In 1988, when we were college students, we played in a volleyball competition between 8 colleges. We still remember that day, as it was the day that the idea for the Women’s Foundation was born. After the game, a middle-aged couple came up to our team asking if anyone had seen their daughter who had been missing for three months. They told us they were from the Gorkha district in western Nepal. They were landless, so they came to Kathmandu searching for work with their three children. They started to work in a carpet factory. After eight days in the factory, a doctor asked their nine-year old daughter to be his servant: she would help care for his children, and during the day he would send her to school.
Eight days later, the doctor came to the carpet factory telling them that their daughter stole 110 grams of gold and had escaped. Since then they had been trying to locate her. After hearing their story, 14 of us gathered together to help them. We went to a political party’s office to ask for support, but they did not take us seriously. Next, we went to the police office. They were very rude: they told us, ” are you a gang of troublemakers? You should go back to your studying. Are you street children, do you not have parents?”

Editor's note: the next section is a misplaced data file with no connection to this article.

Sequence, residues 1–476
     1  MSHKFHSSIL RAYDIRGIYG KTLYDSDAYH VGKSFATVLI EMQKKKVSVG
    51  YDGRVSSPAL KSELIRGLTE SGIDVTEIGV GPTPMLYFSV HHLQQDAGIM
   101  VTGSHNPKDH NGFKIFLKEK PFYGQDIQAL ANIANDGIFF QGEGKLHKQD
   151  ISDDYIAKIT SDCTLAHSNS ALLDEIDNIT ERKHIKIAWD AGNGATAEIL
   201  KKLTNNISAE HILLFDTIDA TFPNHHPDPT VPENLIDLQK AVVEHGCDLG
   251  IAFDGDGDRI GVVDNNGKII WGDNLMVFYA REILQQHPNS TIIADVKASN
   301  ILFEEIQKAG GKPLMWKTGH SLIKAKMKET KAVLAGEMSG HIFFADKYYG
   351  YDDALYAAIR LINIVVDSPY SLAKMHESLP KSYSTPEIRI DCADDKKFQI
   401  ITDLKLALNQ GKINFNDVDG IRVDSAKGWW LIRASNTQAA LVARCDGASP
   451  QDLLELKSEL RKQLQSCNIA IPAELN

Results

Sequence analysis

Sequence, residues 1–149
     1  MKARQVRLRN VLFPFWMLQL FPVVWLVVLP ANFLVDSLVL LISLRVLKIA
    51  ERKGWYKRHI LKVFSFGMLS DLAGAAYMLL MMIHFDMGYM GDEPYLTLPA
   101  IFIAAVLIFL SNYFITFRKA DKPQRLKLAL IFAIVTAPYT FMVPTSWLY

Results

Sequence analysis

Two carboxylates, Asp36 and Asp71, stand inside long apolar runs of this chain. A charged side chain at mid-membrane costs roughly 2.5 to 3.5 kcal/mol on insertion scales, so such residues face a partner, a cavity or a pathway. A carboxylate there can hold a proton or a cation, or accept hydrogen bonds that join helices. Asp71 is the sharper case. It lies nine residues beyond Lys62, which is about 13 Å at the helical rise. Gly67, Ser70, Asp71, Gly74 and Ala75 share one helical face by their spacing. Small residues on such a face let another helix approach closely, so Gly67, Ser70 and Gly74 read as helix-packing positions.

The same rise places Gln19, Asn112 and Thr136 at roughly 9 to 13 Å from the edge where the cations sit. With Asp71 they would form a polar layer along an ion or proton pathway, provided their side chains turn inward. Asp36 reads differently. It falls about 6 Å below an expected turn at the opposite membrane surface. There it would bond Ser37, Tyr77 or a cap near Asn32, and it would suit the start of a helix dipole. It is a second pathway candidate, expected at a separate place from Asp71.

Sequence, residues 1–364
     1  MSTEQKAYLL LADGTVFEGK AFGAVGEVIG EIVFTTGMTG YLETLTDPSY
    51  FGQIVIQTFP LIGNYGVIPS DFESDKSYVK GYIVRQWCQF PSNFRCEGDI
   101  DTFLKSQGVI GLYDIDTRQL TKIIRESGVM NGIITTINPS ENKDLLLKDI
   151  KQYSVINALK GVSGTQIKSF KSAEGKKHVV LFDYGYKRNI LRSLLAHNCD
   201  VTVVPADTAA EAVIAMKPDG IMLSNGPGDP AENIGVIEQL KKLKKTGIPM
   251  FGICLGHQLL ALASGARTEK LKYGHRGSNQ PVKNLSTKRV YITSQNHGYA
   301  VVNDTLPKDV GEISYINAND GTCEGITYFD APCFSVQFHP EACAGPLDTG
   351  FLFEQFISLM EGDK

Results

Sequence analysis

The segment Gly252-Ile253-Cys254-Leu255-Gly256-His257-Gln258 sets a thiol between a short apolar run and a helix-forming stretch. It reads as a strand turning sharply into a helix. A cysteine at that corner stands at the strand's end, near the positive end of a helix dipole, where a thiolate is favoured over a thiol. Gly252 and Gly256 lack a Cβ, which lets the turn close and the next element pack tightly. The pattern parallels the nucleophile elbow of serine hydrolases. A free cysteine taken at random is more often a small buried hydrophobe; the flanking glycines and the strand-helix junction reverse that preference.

Then we went to 8 colleges telling the story and called a meeting for all those who were interested in helping. At this meeting, 45 women came together to discuss this case. At the same time we also discussed family and women’s issues. It was from this meeting that we decided to form an NGO to address these types of cases and offer legal support accordingly. Soon after this, we selected nine members from various backgrounds—students, doctors, lawyers, and social workers to start organizing social programs.
We have grown from that time, and today we have 240 active members, 1216 general members, 12 district offices, a community school, a temporary shelter for survivors of abuse, a working organic farm, and skills training for women. We network with a number of organizations.